5. ian beer says:

    I work in Vancouver BC in film and see out of town ADs all of the time. With an out of town AD running the show, their bottom line is getting their day. They have no working or personal relationship with the crew so they often take risks with no repercussions.
    Sadly, the reality is that the film process won’t change and a lot of times the person(s) leading the charge puts safety secondary.
    As film technicians we all have to take initiative to look out for each other, and not be afraid to speak up when we see or feel something is unsafe.
    These guys should be put in jail.
    RIP Sarah Jones. Never forget.

  6. Kathy Skinner says:

    What happened to William Hurt?

  7. kurt hulett says:

    Putting your crew in a life threatening situation knowing you don’t have permission to be there is NOT manslaughter…IT’S MURDER. Someone on that production knew they were NOT supposed to be there…

  8. kurt hulett says:

    And where was the site rep and the location manager? This is a result of greedy producers cutting corners with safety,lack of experience, and fear of losing your job if you say something…

  9. markustt says:

    There’s a big difference between “stealing a shot’ and shooting a scene on an active train bridge. Also, if your going to get advice on the number of trains from a neighbor instead of the train dispatcher then you deserve to be charged and convicted. A young woman lost her life due to the ignorance of these producers.

    • Tom Peace says:

      There certainly were culpable acts committed here. These guys should be banned by the film industry from ever touching a camera, script or even treatment again! No excuses, no defense!

  10. fritzi says:

    They did not have a permit, nor permission to use the tracks. Period.

  11. Andy Cohen says:

    Why is First AD Hillary Schwartz not included in these Charges?!!! She is ultimately responsible for safety on set and needs to be held accountable.

    • JJ says:

      Because maybe she was told the same as everyone else? That there would only be two trains and they had permission to be there? ADs are responsible for safety while filming, but not if she had nothing to do with the train situation.

  12. SmartAssPants says:

    It’s about time!

  13. Rowdy Maglite says:

    There is no excuse For safety on a railroad track .. Not notifying the railroad was your first crime … Trespassing! And the loss of live over saving a buck$ My prays go to Family and Film crew members To whom I am friends with some if you … Think it’s not safe walk away with your LIFE! No Money,can be fixed, but lives cannot be replaced.. Keep DAT LITE SHINING!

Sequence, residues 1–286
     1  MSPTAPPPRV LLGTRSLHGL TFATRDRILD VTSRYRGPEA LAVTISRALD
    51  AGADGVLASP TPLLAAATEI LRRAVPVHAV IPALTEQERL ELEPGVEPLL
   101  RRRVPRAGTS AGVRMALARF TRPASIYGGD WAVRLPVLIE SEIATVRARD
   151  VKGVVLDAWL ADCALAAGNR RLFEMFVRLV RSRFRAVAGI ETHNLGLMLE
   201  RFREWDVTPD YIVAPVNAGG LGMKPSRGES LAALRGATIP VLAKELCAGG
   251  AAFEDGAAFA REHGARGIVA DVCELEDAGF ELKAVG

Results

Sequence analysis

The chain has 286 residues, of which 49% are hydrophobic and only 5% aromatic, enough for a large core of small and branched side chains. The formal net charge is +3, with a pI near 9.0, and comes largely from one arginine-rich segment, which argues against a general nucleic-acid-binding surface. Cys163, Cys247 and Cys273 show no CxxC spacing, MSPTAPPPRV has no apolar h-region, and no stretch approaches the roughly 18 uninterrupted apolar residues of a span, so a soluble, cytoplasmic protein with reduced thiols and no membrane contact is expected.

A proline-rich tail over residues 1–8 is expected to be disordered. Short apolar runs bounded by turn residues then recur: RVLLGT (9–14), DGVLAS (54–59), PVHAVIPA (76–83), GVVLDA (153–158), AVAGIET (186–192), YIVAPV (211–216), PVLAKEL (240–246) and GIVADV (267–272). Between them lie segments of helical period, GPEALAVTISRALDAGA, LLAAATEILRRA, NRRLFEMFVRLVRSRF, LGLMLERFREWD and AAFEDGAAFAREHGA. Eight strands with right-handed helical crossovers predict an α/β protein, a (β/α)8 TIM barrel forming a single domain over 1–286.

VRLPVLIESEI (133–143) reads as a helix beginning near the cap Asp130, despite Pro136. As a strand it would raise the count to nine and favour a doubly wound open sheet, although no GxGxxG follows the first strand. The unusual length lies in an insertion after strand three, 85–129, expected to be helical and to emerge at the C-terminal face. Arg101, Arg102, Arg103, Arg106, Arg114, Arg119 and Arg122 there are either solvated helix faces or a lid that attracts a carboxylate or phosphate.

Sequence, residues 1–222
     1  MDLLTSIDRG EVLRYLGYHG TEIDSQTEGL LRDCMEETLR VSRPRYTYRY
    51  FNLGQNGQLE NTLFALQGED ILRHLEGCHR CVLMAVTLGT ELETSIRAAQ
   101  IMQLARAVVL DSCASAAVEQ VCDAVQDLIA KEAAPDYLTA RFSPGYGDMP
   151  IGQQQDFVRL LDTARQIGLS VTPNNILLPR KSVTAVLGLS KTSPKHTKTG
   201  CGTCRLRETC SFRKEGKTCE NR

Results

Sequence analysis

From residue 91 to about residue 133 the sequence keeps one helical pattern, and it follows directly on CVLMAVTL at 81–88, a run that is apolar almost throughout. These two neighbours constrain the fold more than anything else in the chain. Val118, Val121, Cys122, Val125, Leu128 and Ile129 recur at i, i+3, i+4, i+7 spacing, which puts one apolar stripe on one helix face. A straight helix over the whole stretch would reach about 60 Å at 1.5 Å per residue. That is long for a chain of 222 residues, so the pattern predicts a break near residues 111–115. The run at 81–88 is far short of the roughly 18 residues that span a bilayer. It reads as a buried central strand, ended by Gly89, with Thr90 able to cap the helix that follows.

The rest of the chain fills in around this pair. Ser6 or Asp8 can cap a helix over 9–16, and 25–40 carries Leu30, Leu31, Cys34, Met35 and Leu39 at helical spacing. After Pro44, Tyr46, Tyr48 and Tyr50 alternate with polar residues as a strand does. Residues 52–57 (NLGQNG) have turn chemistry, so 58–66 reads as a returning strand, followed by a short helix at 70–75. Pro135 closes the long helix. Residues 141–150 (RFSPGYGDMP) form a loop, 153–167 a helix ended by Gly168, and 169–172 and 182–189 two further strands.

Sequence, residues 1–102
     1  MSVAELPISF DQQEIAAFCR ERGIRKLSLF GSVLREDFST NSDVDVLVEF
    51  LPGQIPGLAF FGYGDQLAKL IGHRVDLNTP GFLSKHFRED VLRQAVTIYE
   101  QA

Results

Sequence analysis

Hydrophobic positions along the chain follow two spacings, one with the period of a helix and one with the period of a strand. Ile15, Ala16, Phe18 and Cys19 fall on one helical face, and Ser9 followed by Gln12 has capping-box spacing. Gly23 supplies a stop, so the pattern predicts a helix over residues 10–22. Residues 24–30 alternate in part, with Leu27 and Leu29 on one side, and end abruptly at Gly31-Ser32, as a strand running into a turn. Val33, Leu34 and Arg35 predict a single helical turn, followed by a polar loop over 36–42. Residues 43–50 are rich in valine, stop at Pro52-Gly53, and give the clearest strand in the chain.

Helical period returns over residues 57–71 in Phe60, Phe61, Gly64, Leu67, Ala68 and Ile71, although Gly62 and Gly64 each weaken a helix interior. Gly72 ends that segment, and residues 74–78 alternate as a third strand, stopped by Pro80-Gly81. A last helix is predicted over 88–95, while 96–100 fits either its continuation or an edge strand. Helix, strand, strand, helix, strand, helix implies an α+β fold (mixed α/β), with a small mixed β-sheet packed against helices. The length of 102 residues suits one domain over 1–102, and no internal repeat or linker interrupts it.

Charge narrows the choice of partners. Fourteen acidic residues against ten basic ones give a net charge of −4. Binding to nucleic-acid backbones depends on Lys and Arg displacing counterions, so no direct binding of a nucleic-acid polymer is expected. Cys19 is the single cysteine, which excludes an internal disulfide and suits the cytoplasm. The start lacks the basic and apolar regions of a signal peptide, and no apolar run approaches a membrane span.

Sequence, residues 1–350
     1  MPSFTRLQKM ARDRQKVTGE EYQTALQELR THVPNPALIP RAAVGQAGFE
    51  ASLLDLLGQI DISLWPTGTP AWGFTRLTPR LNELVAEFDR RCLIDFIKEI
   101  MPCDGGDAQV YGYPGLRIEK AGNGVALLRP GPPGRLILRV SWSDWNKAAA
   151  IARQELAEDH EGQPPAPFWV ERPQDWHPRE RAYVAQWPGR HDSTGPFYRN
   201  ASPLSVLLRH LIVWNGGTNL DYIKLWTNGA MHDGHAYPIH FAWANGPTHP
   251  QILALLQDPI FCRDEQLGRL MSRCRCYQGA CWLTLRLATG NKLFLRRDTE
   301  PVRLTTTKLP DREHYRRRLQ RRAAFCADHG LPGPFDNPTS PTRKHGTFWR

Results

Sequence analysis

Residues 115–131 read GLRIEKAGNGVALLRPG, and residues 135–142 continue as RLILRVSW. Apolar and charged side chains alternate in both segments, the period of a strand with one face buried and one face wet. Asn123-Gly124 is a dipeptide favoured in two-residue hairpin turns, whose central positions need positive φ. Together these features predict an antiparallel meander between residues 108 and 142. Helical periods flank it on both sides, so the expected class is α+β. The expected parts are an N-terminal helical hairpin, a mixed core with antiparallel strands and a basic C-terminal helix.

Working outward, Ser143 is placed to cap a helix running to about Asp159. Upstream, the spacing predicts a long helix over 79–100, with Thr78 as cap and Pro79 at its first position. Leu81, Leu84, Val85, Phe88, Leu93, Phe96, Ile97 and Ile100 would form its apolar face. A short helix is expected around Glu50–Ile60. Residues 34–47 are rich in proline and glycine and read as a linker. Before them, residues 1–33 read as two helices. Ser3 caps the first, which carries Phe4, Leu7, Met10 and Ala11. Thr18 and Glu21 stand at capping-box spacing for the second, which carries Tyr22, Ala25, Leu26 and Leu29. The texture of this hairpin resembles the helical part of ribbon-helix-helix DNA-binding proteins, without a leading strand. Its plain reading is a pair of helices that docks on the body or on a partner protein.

14. Max says:

    Was this film ever finished ? Also, was Gregg Allman involved in the making of this movie, or did he just sign the rights of his book to those involved with making this movie. I had read that the parents of this young women were also going to sue for wrongful death of their daughter. So many films are shot in so many different places, it must be very hard to make sure that everyone is safe.

    • Sarah Jones says:

      This film will never be finished. Gregg Allman was a producer then bailed and issued a cease and desist. William Hurt quit. Game over. I’ve worked on films for over 28 years now. It is not hard to make sure everyone is safe. I’ve shot on active railroad tracks and we had reps from the train company with comms , had to wear vests and were not allowed to use cellphones – all in the name of safety. These guys gambled with the lives of crew and lost. They deserve prison time. Period.

      • Andy says:

        Exactly but I think those charged will probably skate because no one will be seated on the jury who has worked on a movie set. Those of us who have worked on sets, know with virtual certitude of precisely went down because we’ve nearly all been on sets where the filmmakers try to steal a shot. Of course, the big difference is we’re usually on movies that try to steal shots of an actor walking out a door, or other innocuous actions. I suspect the only thing more dangerous that what Randall Miller did was to try and “steal” a shot on a the flight deck of an active aircraft carrier.

  15. Nanny Mo says:

    The charges should stick. You can’t treat your team this way and be professional. It makes all of us in the industry look bad. I would hardly recommend Joe Wallenstein’s eBook, “Nothing Dies for Film.” And you’ll see what I mean.